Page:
The world’s longest experiment with negative interest rates may end up lasting an entire decade.
Not until 2021 at the earliest will Danes have a chance to see positive rates again, according to Danske Bank. The country’s policy rate first dropped below zero in 2012. Read More.
In the starkest warning yet about the upcoming global recession, which some believe will hit in late 2019 or 2020 at the latest, the IMF warned that the leaders of the world’s largest countries are “dangerously unprepared” for the consequences of a serious global slowdown. The IMF’s chief concern: much of the ammunition to fight a slowdown has been exhausted and governments will find it hard to use fiscal or monetary measures to offset the next recession, while the system of cross-border support mechanisms — such as central bank swap lines — has been undermined, warned David Lipton, first deputy managing director of the IMF. Read More.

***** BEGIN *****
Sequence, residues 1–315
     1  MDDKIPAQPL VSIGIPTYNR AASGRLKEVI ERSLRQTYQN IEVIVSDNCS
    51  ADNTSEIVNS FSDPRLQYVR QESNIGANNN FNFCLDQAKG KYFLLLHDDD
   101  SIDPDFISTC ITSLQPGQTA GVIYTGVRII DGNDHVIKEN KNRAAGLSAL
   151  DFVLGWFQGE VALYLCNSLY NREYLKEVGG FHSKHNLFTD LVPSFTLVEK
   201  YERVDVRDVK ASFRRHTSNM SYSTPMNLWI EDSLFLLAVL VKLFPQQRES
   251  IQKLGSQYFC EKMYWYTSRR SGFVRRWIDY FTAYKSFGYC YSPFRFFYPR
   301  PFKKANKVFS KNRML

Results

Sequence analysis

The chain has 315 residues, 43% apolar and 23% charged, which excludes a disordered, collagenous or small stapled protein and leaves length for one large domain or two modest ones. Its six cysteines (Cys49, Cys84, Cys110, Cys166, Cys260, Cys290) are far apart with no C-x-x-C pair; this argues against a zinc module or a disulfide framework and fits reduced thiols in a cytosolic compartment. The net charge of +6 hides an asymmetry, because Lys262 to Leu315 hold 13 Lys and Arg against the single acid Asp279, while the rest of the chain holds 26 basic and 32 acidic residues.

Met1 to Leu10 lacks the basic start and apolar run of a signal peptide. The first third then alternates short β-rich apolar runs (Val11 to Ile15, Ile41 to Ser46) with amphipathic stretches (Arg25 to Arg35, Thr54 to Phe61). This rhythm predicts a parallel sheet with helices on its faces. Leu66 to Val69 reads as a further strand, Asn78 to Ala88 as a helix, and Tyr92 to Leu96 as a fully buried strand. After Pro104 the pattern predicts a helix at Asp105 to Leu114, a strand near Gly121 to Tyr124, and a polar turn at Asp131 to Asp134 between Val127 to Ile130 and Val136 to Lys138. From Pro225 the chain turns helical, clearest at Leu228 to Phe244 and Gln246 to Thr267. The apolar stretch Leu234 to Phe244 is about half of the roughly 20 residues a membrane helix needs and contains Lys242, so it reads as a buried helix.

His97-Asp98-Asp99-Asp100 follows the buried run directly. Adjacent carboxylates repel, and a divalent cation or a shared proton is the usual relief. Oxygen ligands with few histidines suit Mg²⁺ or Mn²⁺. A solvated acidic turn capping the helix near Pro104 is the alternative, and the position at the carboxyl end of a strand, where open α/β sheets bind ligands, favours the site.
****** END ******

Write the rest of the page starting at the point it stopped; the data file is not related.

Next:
The Federal Reserve is propping up the market — and here’s the evidence
For years critics of U.S. central-bank policy have been dismissed as Negative Nellies, but the ugly truth is staring us in the face: Stock-market advances remain a game of artificial liquidity and central-bank jawboning, not organic growth. And now the jig is up. Read More.
With the end of 2018 marking the 40th anniversary of China opening up & reforming (and with an increasingly loud group of market participants questioning the foundations of China’s economic miracle – and more importantly, it’s future), Read More.